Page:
Dog Bite Claims and Homeowners Insurance

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Americans love their pets.

Americans don’t always love their insurance premiums—especially if they own a pet that causes their homeowners insurance rates to go through the roof.

This month is National Adopt A Dog Month, and while it’s great to do so, you should know about some of the potential effects having certain types of dogs can have on your homeowners insurance–as well as what dogs with a bite history will do too. Mailmen aren’t the only ones being attacked by the furry love of your life, and the costs of having a dog may not be as minimal as dog food and vet visits.

According to the American Humane Society about 39% of people own at least one dog, and according to the American Pet Products Association, we own a total of about 78.2 million dogs. Sadly, the Center for Disease Control (CDC) tells us that more than a million people require medical care as a result of dog bites each year.

Because of this, you may find it challenging to obtain sufficient liability insurance if you own a breed of dog considered to be aggressive or which has a history for biting. Some of these breeds, including pit bulls, Rottweilers, huskies, pinschers, boxers, and several others have attained a bad reputation making them difficult or impossible to insure.

Whether you own a Pekingese or a Rottweiler though, most dog owners like to believe their pets are sweet-natured animals that wouldn’t hurt a fly, but animals can be unpredictable.

This can turn on a dime though, especially when little children are around, as dogs may snap and bite without warning. A child may suffer horrible scarring and a lifetime of trauma from one such incident. That would be a lot of traumatized, scarred children too considering that they account for approximately half of the 4.7 million people bitten annually, according to the CDC. Fortunately, the CDC says only half of those require medical treatment and around 16 die. In fact, so many children are the usual victims that they trump the image of mailmen getting bitten—the U.S. Postal Service even focused a recent campaign on dog biting towards children since they’re 900 times more likely to be bitten than a postal worker.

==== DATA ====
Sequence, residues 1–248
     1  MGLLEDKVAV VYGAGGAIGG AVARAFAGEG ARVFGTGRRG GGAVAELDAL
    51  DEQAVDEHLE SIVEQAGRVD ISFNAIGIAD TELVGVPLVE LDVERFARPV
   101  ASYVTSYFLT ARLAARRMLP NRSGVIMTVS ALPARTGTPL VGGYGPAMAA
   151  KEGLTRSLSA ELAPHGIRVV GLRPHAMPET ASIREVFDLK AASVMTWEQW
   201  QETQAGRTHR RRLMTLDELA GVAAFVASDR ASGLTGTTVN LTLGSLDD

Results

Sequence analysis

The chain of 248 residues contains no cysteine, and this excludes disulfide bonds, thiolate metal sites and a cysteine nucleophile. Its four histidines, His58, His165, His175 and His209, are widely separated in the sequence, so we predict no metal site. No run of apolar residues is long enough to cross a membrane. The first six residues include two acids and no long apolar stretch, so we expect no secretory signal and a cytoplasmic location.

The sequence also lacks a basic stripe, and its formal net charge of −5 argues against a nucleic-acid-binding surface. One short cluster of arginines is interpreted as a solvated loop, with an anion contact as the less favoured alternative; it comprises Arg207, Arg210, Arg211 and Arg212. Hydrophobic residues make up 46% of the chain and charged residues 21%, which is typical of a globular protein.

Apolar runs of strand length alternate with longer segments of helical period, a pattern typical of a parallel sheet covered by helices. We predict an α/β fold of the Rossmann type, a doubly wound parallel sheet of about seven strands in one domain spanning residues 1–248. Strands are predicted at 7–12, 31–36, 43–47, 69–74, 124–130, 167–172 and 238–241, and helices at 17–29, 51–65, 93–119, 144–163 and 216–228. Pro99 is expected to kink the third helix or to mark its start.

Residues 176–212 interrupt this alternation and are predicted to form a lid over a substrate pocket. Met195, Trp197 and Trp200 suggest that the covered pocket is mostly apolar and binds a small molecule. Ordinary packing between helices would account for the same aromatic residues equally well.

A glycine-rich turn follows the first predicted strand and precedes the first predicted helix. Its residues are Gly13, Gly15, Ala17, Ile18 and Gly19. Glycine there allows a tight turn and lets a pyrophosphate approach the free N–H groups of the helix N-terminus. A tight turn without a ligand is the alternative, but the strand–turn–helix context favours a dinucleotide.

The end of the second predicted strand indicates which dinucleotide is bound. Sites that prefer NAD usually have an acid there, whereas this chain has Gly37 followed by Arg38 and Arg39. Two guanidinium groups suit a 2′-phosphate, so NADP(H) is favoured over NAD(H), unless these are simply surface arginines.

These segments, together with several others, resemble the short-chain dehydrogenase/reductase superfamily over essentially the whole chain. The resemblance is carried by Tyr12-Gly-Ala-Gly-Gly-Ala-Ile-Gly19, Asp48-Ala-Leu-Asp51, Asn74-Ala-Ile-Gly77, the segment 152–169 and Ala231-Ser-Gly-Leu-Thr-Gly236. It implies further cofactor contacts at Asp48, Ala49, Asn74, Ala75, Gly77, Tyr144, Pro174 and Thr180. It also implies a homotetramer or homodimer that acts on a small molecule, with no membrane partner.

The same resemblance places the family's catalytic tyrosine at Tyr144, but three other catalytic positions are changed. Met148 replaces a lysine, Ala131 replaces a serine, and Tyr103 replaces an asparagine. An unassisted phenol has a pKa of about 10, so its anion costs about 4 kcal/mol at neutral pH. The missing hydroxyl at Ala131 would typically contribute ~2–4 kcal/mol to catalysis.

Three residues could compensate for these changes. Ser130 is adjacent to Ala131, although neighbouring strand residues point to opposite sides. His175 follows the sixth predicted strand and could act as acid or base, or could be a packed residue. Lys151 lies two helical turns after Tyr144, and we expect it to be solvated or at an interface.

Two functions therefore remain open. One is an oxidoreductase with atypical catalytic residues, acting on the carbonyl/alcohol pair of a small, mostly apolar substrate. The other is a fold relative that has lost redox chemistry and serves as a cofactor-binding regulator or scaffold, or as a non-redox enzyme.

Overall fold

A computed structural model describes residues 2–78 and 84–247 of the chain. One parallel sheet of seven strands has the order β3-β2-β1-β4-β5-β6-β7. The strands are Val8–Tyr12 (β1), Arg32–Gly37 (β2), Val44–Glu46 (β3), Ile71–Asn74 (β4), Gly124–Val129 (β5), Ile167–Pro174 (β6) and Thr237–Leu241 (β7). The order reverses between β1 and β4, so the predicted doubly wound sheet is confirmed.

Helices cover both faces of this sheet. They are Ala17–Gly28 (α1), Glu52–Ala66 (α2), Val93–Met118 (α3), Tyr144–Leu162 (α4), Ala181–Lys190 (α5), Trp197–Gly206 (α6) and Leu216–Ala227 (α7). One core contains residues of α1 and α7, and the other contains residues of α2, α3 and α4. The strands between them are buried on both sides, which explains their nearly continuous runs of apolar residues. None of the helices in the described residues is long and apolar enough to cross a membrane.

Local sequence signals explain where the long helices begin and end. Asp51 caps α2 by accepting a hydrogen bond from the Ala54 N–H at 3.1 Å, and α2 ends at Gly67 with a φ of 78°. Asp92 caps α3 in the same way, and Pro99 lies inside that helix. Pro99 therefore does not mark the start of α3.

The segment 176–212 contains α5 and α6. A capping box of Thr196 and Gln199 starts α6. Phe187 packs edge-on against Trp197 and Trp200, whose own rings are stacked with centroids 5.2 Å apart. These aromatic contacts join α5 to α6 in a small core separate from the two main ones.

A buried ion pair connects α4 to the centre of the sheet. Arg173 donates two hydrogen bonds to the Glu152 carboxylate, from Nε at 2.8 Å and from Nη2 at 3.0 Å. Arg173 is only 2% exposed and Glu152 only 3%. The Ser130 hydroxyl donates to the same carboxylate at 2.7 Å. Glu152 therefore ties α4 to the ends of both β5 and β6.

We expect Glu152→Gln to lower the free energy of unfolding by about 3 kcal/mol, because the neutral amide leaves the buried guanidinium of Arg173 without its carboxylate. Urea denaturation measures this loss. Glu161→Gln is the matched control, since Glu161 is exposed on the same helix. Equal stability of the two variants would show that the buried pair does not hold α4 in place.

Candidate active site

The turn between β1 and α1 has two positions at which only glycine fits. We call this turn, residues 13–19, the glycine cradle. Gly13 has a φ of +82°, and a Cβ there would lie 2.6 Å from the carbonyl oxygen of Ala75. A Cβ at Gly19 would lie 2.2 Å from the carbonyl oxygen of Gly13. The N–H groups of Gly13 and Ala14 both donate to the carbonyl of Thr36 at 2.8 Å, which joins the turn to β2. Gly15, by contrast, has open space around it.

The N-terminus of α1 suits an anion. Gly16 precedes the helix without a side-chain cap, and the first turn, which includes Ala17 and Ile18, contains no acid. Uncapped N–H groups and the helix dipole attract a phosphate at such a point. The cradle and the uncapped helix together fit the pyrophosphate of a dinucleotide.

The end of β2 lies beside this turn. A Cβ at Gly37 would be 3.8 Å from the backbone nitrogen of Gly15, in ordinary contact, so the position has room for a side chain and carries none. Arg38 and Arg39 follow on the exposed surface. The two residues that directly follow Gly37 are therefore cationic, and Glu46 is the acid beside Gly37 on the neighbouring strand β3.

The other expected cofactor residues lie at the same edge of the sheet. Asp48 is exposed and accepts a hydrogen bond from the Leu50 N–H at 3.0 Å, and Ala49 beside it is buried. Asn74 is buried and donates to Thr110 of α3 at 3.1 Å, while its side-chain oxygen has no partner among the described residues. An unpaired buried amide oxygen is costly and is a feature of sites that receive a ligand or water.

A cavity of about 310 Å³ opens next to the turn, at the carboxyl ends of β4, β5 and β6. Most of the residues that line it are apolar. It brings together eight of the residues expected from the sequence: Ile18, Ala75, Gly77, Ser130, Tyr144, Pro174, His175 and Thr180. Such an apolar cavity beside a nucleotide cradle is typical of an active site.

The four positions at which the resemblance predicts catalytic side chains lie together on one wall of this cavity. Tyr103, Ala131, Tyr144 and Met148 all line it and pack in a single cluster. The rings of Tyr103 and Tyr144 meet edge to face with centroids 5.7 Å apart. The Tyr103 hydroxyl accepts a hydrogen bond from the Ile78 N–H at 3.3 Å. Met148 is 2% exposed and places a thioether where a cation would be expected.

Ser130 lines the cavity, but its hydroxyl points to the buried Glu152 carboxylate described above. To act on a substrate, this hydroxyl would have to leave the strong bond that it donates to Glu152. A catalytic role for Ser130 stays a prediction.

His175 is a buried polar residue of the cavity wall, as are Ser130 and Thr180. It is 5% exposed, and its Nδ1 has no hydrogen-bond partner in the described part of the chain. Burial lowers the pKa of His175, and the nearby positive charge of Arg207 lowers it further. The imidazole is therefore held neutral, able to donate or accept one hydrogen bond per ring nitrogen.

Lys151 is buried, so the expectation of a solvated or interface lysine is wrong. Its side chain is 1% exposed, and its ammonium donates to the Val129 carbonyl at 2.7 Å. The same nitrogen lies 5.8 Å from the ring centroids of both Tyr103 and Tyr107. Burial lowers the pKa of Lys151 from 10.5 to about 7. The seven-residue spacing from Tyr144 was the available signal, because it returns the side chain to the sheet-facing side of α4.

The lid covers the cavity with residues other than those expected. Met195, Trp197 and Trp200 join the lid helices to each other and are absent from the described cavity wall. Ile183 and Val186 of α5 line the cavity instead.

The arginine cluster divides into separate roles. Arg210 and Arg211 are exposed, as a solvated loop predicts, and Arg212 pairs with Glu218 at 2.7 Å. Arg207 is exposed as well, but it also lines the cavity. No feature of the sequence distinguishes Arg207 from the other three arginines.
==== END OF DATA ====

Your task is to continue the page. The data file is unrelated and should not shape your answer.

On the Rise

Dog bite-related lawsuits are one of the largest threats to homeowners. Fully one third of the claims filed each year by homeowners involve dog bites. This isn’t something that’s decreasing either.

According to the Insurance Information Institute, dog liability claims have been rising steadily for over ten years. Although they admit there’s not always a dramatic rise annually, it still rises consistently.

Case in point—in 2005, the III reported that dog bite claims cost the insurance industry approximately $317.2 million in comparison to $250 million in 1996. In 2010, bites cost insurers $413 million. In 2011, dog bite claims cost insurers a whopping $497 million dollars.

Not only are dog bites and insurance claims increasing in general, but so are the amounts of claims. According to III, dog bite claims have risen 53.4% due to inflated medical costs, settlement amounts, awards from juries, and judgments.

Whether dog bite claims are increasing because dog ownership is rising, because of a bad cases of nurturing, or because we’re so in love with our pets that we don’t practice enough caution, is up for debate.

Insurance Coverage and Dogs

One thing for certain though is that it is a growing issue, and for homeowners who have dogs typically pegged as ‘aggressive breeds,’ getting homeowners insurance, having a claim covered, and finding affordable premiums is certainly no walk in the park with Fido.